As the bassist for Black Kids, Owen Holmes is no stranger to the vagaries of the indie hype cycle. His Jacksonville, Fla.-based band garnered widespread critical acclaim for its debut EP in 2007 only to have the debut full-length panned en masse a year later. As far as Internet black sheep go, Black Kids are doing fine — they’re big in Europe and are working on a second album — but the rough treatment must have had an effect on how the members of the band choose to approach the music marketplace.
Gospel Music’s Duettes is the first Black Kids-related release since the full-length, Partie Traumatic, and it is a brief, low-key affair that seems meant to avoid the attention that nearly smothered Black Kids the first time around. As Holmes is Gospel Music’s principal songwriter, singer, and player, Duettes would be a de facto solo project were it not for the fact that Holmes is joined on by a different guest on each song. And these aren’t just people he knows from Jacksonville. The list features Cassie Ramone of the Vivian Girls, Camera Obscura’s Tracyanne Campbell, Hefner’s Darren Hayman, the Magnetic Fields’ Shirley Simms and French singer-songwriter SoKo. Holmes is not the greatest singer, coming across like a younger, less charismatic David Berman, so the talented guests certainly sweeten the deal.
Gospel Music sounds neither churchy, as its name might imply, nor is it glam, as Holmes’ membership in Black Kids might indicate. Rather, Holmes plays gentle, loping folk-pop that owes plenty to early Belle and Sebastian and is heavy on acoustic guitar strums, jaunty bass lines and goofy lyrics. “I Miss the Shit Out of You,” which features SoKo, switches between a lovelorn homebody stuck in Florida, and his beloved, who misses him too but not enough to quit the big city. Campbell joins in on “Automobile,” a Camera Obscura-esque jig about a four-door Honda that “ain’t much, but it’s paid for.” The best thing here is Ramone’s turn on “Are Your Parents Still Together?,” a ’60s-sounding strummer about the kind of people who “play some public radio and make their own pasta dough.”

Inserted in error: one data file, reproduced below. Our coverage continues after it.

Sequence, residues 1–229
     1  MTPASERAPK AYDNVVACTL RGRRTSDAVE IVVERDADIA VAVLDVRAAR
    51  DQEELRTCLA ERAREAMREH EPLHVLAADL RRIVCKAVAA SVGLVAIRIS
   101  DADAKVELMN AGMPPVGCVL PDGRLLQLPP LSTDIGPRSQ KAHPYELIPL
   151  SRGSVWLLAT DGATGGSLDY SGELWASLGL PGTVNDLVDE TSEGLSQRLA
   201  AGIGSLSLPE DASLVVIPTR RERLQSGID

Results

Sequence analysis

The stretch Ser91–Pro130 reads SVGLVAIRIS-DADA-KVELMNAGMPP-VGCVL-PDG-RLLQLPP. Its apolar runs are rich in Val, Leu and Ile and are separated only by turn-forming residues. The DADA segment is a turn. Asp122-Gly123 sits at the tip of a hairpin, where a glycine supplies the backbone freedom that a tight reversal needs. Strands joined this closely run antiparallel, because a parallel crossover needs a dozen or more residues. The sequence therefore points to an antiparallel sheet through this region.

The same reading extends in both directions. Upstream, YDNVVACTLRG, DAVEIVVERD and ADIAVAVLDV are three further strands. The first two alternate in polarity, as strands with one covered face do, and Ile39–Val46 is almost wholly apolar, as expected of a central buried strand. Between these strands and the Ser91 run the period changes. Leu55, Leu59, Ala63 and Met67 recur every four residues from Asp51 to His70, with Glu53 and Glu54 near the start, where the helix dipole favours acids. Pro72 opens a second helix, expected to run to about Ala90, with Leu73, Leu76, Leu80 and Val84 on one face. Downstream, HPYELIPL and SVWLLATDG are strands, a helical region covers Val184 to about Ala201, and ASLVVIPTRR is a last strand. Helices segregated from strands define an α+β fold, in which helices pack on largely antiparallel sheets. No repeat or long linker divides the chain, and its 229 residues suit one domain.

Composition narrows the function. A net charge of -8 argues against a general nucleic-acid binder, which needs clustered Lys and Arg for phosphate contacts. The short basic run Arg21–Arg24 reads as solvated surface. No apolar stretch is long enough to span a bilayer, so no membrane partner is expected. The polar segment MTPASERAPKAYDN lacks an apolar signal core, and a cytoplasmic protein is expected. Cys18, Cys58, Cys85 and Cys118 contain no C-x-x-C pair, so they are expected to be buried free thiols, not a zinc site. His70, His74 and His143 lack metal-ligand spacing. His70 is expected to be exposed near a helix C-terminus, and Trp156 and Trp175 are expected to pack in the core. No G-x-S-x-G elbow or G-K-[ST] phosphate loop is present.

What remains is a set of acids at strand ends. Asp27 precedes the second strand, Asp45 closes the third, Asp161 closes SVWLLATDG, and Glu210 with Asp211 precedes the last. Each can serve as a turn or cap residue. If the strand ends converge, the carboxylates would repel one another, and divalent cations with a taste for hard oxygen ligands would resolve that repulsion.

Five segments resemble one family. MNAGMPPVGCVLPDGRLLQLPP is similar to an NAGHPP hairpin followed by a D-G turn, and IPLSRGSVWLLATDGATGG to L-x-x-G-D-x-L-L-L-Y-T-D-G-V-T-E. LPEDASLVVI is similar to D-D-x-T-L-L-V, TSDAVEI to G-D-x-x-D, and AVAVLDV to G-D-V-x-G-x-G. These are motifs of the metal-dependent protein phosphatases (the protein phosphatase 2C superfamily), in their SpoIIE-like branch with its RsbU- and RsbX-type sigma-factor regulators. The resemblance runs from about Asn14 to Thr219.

In both its subject matter — drinking homemade beer, sitting by the fireplace, cooking — and its aesthetic qualities, Duettes is an unapologetically domestic album. It’s only 12 minutes long, and it goes down as easily as a pre-dinner appetizer. Holmes can’t expect to make any major waves with this album. Likely he just wanted to sing about his car and the fact that he ran a marathon. Duettes is a reminder that you can be pleasant without being dull, tender without being saccharine, homey without being tepid. Save your bile for the next Black Kids album; Gospel Music just wants to hang out.